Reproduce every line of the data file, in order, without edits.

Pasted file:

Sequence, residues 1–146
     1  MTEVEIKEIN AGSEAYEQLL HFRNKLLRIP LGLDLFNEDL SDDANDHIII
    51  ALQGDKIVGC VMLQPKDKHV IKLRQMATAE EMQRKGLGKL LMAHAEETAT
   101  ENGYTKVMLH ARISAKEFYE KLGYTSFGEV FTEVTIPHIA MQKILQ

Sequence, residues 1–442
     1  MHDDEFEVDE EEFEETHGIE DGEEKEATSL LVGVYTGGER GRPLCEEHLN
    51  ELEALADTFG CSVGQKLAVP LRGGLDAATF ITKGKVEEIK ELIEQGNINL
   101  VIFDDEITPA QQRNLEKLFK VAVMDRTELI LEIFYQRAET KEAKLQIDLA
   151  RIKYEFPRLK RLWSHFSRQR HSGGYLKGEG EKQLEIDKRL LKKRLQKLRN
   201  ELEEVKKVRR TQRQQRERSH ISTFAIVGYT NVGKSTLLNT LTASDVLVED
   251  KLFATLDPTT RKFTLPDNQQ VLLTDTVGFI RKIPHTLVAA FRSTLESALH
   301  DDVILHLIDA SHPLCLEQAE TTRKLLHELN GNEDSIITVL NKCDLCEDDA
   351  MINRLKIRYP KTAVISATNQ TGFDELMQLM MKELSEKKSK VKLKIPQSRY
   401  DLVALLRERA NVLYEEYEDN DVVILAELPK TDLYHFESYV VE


Sequence, residues 1–146
     1  MTEVEIKEIN AGSEAYEQLL HFRNKLLRIP LGLDLFNEDL SDDANDHIII
    51  ALQGDKIVGC VMLQPKDKHV IKLRQMATAE EMQRKGLGKL LMAHAEETAT
   101  ENGYTKVMLH ARISAKEFYE KLGYTSFGEV FTEVTIPHIA MQKILQ

Sequence, residues 1–442
     1  MHDDEFEVDE EEFEETHGIE DGEEKEATSL LVGVYTGGER GRPLCEEHLN
    51  ELEALADTFG CSVGQKLAVP LRGGLDAATF ITKGKVEEIK ELIEQGNINL
   101  VIFDDEITPA QQRNLEKLFK VAVMDRTELI LEIFYQRAET KEAKLQIDLA
   151  RIKYEFPRLK RLWSHFSRQR HSGGYLKGEG EKQLEIDKRL LKKRLQKLRN
   201  ELEEVKKVRR TQRQQRERSH ISTFAIVGYT NVGKSTLLNT LTASDVLVED
   251  KLFATLDPTT RKFTLPDNQQ VLLTDTVGFI RKIPHTLVAA FRSTLESALH
   301  DDVILHLIDA SHPLCLEQAE TTRKLLHELN GNEDSIITVL NKCDLCEDDA
   351  MINRLKIRYP KTAVISATNQ TGFDELMQLM MKELSEKKSK VKLKIPQSRY
   401  DLVALLRERA NVLYEEYEDN DVVILAELPK TDLYHFESYV VE